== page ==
Larry Fessenden in BROOKLYN 45

BY DREW TINNIN OCT. 20, 2023 11:45 PM EST
The following post contains spoilers about “Killers of the Flower Moon.”

The horrors inflicted upon the Osage people during a string of ghastly murders throughout the 1920s are among the worst atrocities ever committed against Indigenous Americans. Anyone familiar with U.S. history during the Old West will know that’s saying a lot. Based upon the 2017 book by David Grann, director Martin Scorsese’s “Killers of the Flower Moon” uncovers the systematic infiltration of nefarious white men into the lives and affairs of the Indigenous Osage Nation after vast deposits of oil were found on their land. The enormous wealth the Osage possessed led to a string of mysterious deaths that were always deemed accidental or never investigated in the first place. 

To help tell such a complex web of lies and deceit, Scorsese enlisted the help of a wide array of performers that resulted in some spectacular cameos from musicians like Sturgill Simpson and Pete Yorn. One appearance in particular during the finale of Scorsese’s epic Western should delight genre fans and those that follow the indie horror scene, especially. To wrap up the story and reveal what happened to the major players, Scorsese uses an old-time detective radio show in the final moments of “Killers of the Flower Moon” that features horror legend Larry Fessenden (“Habit,” “The Last Winter”) as one of the bit players on stage. The choice to include Fessenden in this particular context makes perfect sense if you’re familiar with Fessenden’s award-winning horror podcast inspired by the vintage radio shows of yesteryear.

After bursting onto the New York film scene with his indie vampire tale “Habit” in the mid-90s, Larry Fessenden has become a well-respected mainstay within the horror community. When he’s not directing his own interpretations of the Universal Monsters in films like “Depraved” and his latest werewolf movie “Blackout,” Fessenden can be seen on the other side of the camera acting in Jim Jarmusch’s “The Dead Don’t Die,” Travis Stevens’ “Jakob’s Wife” and Ted Geoghegan’s WWII spook fest “Brooklyn 45.” 

Fessenden also founded the independent NYC-based production outfit Glass Eye Pix that has gone on to help produce a bundle of new horror classics including “The House of the Devil” from Ti West, the documentary “Birth of the Living Dead” about the making of George A. Romero’s classic, and Adrian Garcia Bogliano’s “Late Phases.”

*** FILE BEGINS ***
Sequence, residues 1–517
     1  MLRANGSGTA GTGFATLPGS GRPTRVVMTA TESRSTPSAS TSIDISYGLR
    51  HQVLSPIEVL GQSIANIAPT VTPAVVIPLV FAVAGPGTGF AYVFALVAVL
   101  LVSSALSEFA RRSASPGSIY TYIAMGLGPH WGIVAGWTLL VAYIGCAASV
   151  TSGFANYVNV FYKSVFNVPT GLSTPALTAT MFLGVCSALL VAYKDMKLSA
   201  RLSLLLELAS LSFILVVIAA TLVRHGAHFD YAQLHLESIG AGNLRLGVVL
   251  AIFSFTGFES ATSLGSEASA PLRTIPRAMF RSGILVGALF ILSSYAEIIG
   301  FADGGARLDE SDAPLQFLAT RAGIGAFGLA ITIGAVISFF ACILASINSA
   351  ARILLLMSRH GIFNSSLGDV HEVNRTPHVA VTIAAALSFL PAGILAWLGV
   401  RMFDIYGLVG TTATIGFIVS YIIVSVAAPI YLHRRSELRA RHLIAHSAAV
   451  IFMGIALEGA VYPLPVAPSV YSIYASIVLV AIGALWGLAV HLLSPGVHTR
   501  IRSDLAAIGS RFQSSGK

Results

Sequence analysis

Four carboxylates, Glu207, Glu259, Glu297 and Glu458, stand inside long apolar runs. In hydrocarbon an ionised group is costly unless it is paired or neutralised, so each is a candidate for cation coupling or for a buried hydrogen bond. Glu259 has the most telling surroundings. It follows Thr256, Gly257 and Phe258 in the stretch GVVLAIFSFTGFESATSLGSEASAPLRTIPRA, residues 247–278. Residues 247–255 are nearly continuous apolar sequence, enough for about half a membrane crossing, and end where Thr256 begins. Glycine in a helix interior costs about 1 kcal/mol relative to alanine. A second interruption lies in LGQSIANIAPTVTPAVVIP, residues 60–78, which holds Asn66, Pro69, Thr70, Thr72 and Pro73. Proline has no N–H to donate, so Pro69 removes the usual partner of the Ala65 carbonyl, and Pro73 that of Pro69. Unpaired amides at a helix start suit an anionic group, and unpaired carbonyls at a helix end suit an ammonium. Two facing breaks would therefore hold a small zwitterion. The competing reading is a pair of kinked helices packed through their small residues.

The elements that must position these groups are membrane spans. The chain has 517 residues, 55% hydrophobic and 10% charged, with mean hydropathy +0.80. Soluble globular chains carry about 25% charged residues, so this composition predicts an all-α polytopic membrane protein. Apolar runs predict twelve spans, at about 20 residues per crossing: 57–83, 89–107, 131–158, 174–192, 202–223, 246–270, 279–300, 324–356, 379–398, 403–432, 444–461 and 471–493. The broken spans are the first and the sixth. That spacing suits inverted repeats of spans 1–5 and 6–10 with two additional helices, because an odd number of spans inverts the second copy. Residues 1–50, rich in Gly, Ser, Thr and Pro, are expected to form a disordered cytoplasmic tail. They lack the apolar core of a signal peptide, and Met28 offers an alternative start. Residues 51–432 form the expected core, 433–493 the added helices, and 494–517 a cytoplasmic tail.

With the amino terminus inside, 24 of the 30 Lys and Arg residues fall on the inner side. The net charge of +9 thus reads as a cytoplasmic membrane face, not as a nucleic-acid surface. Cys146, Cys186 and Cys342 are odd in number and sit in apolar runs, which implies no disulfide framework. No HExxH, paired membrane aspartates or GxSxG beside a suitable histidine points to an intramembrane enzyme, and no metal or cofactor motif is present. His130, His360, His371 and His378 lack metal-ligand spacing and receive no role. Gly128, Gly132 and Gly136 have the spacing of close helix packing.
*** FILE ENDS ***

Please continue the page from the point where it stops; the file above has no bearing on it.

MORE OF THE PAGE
Along with Irish filmmaker Glenn McQuaid, Fessenden created the scary audio drama series “Tales From Beyond the Pale” that lovingly recreates the macabre radio plays of the past for a modern audience. Over multiple seasons, “Tales From Beyond the Pale” has featured a slew of special guest voice talent including notable names in horror such as Barbara Crampton, Joshua Leonard, A.J. Bowen, and also Pat Healy, who pops up towards the end of “Killers of the Flower Moon” as a G-Man looking into the Osage murders. 

Some episodes of “Beyond the Pale” were recorded in front of a live audience, accompanied by live sound effects and audio cues just like the FBI radio play seen at the end of Scorsese’s sprawling new film. Not surprisingly, Fessenden looks right at home up on stage recreating the newsreel radio dramas of the era that reached their height in popularity during the 1940s and ’50s.

At the tail end of “Killers of the Flower Moon,” Fessenden plays the voice of Hale in the radio play, DeNiro’s despicable character that’s finally brought to justice after being tied to the murder of his longtime friend Henry Roan (William Belleau). Featuring a cameo from Scorsese himself, the audio drama provides an ingenious way to inform the audience about what became of Hale and DiCaprio’s character Ernest Burkhart without feeling like exposition. The fate of both gentlemen is told to us as a live performance that’s simultaneously being sent out over the airwaves. It’s revealed that Hale was sentenced to life in prison in 1929, but only served 18 years before being paroled in 1947. Burkhart was eventually pardoned by Oklahoma Governor Henry Bellmon in 1965, and lived with his brother Byron in a broken-down trailer park on the outskirts of Fairfax, Oklahoma. 

The choice by Scorsese to feature Fessenden in this particular context not only highlights the horror director’s own series “Tales From Beyond the Pale,” it’s also a nod to the heart of independent filmmaking in New York City. Out of all the cameos in “Killers of the Flower Moon,” Fessenden’s appearance on stage with Scorsese represents two legendary New York artists. One just happens to have a few more Oscars than the other. 

Read entire article at SLASH FILM

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